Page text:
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Wednesday, October 12, 2011

The Weekly Question

Every week, I will be posting a question about "Burning Questions." Then I will try to answer it without spoiling the story for readers. If you have one, please don't hesitate to add it to the list.

Here's the first one:

Q: You have a very detailed coroner's report in the book, along with other forensic materials. "Did the autopsy report concluding that the victim of a shooting was a teenage suicide come from one of your actual cases?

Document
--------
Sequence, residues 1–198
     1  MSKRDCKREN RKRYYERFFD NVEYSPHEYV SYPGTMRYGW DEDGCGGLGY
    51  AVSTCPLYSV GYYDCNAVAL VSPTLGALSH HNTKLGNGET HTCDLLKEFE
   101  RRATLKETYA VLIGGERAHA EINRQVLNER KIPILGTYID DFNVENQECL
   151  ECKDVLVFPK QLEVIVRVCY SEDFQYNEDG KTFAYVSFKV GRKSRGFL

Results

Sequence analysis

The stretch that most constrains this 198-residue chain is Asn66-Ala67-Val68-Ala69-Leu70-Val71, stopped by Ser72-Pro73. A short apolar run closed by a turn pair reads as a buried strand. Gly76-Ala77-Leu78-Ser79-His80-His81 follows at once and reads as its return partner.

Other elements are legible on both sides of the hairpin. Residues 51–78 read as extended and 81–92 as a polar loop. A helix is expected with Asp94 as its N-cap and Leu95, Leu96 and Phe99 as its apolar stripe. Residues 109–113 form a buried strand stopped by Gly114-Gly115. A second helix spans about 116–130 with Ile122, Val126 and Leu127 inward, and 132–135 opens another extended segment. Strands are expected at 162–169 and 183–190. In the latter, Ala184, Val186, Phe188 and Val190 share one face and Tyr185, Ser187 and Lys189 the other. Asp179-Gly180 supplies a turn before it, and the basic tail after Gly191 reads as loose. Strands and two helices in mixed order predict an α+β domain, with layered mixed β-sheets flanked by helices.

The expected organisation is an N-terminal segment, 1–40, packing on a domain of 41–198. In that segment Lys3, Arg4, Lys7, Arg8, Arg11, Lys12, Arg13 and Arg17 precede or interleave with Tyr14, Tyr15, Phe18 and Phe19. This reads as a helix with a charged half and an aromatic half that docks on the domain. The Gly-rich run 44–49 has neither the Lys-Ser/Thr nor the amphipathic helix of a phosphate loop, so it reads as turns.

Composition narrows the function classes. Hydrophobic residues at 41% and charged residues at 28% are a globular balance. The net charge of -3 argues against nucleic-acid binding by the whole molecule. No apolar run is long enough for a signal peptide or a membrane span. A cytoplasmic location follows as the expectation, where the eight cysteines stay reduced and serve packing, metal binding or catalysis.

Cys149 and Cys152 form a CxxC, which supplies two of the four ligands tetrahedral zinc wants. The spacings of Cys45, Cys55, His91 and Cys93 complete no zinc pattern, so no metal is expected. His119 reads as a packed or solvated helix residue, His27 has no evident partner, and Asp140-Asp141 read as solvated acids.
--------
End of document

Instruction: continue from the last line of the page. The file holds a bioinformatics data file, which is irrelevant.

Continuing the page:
A: Over twenty years ago a woman came to me with a stack of materials concerning the death of her son. He was found shot to death in a manner very similar to the description of Kenny's homicide in Burning Questions. She thought her son had been murdered and had been fighting with the police about their having written it off as just another teenage suicide. She told me a lot of facts that raised reasonable doubts about the police conclusion and wanted someone who could convince them to re-open the file. One of the problems she was having was that her son had recently been arrested by the same police officer who also was the investigating officer on the homicide. She claimed that her son knew that this cop was involved in some illegal activities and that he had a motive to kill the teenager. It seemed obvious to her that the police were involved in covering up the truth. I took a look at the documents and concluded that there wasn't very much that I could do, short of launching an independent investigation with PI's, a medical examiner, a court order to get the body exhumed, and who knows what else. I didn't want to take this woman's money on such a long-shot, meanwhile ruffling the feathers of a small-town police department. But I kept a copy of the paperwork in my files all these years. It seemed like a good story. I especially was interested in the way the local authorities besmirched the kid's reputation to discourage any investigation. Of course, I have changed just about every fact other than the forensics of the actual shooting. I read statistics about teenage suicide before writing Burning Questions. Some of the reasons kids kill themselves are incorporated into the story: drugs, alcohol, sexual orientation, parental abuse. It's a really good jumping off place for a discussion of the problem and also for a mystery.

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